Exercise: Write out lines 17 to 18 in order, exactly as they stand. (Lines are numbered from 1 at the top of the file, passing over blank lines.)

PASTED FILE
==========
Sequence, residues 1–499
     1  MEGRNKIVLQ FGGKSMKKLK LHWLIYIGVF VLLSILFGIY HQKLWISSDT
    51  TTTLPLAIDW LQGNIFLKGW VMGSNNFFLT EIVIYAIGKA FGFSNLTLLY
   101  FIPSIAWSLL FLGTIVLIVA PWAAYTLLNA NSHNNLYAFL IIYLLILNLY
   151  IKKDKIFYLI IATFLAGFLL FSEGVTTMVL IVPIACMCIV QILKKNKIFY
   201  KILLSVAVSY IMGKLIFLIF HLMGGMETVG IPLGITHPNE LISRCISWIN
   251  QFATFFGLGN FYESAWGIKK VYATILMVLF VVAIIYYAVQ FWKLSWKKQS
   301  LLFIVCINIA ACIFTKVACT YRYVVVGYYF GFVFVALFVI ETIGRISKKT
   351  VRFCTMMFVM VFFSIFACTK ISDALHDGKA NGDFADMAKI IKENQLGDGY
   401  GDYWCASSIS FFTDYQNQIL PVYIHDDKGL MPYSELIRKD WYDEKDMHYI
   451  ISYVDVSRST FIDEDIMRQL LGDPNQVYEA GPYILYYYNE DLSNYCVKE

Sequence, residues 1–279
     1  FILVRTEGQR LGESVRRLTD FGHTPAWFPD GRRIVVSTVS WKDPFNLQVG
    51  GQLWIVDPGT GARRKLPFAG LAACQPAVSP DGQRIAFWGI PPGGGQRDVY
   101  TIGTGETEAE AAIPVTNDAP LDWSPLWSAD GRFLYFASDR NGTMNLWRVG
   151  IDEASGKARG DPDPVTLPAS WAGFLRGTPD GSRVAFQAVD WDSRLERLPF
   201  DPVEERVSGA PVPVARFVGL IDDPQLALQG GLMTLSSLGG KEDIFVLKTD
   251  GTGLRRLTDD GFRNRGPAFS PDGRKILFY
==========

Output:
   201  DPVEERVSGA PVPVARFVGL IDDPQLALQG GLMTLSSLGG KEDIFVLKTD
   251  GTGLRRLTDD GFRNRGPAFS PDGRKILFY